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Auto Warranties and Service Contracts 101

March 22nd, 2022

Factory Warranty

All vehicles come from the factory with a warranty that is provided by the manufacturer. These factory warranties range in coverage from three years to ten years and cover anything from powertrain to full coverage.

Vehicle Service Contract

When the warranty provided by the manufacturer runs out, your vehicle is no longer protected from expensive repairs. The best time to purchase a service contract is shortly before your full coverage (or bumper to bumper) warranty expires. At that time you can choose to continue your coverage by extending the warranty with a vehicle service contract. A warranty is provided free of charge by the manufacturer. A warranty can never be sold, whereas a service contract may be sold at a dealership, in the finance office of a bank or credit union, on through a third party online.

Powertrain: A powertrain service contract covers the engine and transmission components of your vehicle. This is the most basic coverage and will be the longest portion of your factory warranty. Some vehicles come with a factory powertrain warranty of up to ten years. But you may want to cover some of the other components when your bumper to bumper warranty expires (usually after three years or 36,000 miles).

Component: A named component plan provides additional coverage beyond the powertrain service contract. These plans vary greatly by administrator, so read the benefit section of the contract carefully. They will list the additional vehicle components that are covered. These contracts will provide you with additional coverage when the bumper to bumper portion of your factory warranty expires.

Bumper to Bumper: “Bumper to Bumper” or “Exclusionary” plans cover everything on your vehicle except those components specifically excluded. Things excluded typically include maintenance items.

Terms of the Contract

Term of coverage The term of coverage is the length of time your vehicle is protected. This is generally stated in terms of months and mileage (ex: 36 months/36,000 miles). The term is whichever you reach first, the mileage or months.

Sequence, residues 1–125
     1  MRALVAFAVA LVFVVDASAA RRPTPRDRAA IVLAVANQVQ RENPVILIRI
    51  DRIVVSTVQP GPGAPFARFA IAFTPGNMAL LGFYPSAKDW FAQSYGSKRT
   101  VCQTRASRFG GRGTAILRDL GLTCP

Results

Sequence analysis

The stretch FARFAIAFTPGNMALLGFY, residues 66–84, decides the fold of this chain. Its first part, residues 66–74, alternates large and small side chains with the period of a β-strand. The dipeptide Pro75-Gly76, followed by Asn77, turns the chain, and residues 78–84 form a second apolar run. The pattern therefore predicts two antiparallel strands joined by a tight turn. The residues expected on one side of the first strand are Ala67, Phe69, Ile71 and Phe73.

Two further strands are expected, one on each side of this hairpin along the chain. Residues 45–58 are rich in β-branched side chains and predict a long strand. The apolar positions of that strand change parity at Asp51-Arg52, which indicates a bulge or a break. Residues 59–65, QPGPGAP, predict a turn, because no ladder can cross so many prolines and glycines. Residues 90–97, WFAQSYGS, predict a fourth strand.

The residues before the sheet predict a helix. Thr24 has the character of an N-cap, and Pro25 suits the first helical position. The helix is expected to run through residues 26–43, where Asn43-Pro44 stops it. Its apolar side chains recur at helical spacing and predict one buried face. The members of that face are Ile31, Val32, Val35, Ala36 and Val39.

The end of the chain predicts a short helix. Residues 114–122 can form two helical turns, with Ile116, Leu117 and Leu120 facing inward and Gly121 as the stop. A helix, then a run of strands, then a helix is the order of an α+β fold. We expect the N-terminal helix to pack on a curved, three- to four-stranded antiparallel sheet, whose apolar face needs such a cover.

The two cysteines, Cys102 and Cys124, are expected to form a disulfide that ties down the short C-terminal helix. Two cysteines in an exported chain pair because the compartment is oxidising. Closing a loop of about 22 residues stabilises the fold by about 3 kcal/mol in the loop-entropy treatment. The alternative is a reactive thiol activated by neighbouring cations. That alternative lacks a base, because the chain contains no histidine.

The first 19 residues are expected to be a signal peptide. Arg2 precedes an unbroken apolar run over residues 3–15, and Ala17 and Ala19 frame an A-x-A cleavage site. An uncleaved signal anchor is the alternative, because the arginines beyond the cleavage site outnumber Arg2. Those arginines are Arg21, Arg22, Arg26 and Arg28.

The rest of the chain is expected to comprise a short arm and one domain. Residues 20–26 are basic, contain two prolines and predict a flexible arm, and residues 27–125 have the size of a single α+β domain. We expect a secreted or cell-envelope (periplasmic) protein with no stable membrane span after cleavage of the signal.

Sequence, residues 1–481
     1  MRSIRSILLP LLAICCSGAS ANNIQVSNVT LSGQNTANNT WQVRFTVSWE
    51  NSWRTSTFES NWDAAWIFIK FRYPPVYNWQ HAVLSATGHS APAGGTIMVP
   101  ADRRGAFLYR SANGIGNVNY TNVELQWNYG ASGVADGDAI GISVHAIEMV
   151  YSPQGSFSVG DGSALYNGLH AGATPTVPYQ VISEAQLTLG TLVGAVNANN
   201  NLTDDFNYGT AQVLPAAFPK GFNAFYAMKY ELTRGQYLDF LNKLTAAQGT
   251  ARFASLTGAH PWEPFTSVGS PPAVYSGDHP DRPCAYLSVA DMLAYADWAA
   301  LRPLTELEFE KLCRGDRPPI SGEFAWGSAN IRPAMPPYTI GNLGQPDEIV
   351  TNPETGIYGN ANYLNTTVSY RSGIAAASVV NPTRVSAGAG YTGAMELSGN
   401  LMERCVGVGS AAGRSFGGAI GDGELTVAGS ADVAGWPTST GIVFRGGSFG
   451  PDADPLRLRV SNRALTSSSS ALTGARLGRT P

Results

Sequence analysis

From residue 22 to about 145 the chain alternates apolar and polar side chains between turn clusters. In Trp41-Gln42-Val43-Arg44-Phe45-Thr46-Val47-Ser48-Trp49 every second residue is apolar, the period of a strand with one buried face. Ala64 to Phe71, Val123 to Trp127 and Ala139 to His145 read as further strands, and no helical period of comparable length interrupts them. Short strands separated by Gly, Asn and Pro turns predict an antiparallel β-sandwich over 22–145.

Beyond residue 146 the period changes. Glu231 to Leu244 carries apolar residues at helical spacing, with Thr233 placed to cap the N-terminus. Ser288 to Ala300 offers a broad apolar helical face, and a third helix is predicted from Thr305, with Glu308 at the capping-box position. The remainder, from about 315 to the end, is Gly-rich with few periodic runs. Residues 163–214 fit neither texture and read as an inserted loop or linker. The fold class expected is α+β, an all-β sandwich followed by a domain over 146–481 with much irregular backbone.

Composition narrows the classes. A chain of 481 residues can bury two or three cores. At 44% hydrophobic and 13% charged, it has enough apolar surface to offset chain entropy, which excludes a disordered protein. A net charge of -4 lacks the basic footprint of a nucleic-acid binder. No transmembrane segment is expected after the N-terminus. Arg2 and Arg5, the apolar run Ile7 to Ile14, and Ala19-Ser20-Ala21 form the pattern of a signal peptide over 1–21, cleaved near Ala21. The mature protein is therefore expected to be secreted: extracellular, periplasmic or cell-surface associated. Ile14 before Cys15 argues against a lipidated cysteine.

If you are purchasing a “new” vehicle service contract, this term begins with mile one and day one. (Example: You purchase a 72/72,000 new vehicle service contract – the term runs out at the first of either 72 months or 72,000 miles on the odometer) You can purchase a “new” vehicle service contract on a vehicle as long as the factory warranty has not expired. Some administrators will offer “new” coverage up to 50,000 miles on the odometer at issue.

If you purchase a used vehicle service contract, the term begins with the date of purchase and current mileage. (Example: You purchase a 72/72,000 used vehicle service contract when your vehicle has 60,000 miles on it – the term will end 72 months from the date the contract is purchase, or when your vehicle reaches 132,000 miles)

Waiting Period: Most service contracts that you purchase from an online source have a waiting period of 30 days and 1,000 miles. When you purchase in a dealership, the dealer knows the condition of your vehicle and knows it is not about to break down. When you purchase from an online source, the administrator does not know the condition of your vehicle, so they place a waiting period into their contracts to insure against someone with a broken down vehicle purchasing a contract to cover their current repair cost. The 30 days and 1,000 miles are generally added to the end of your contract period.

Deductible: Unlike a warranty, your service contract will come with a choice of deductibles. The deductible you choose will apply to each claim made against the contract. Deductibles range from zero to $200.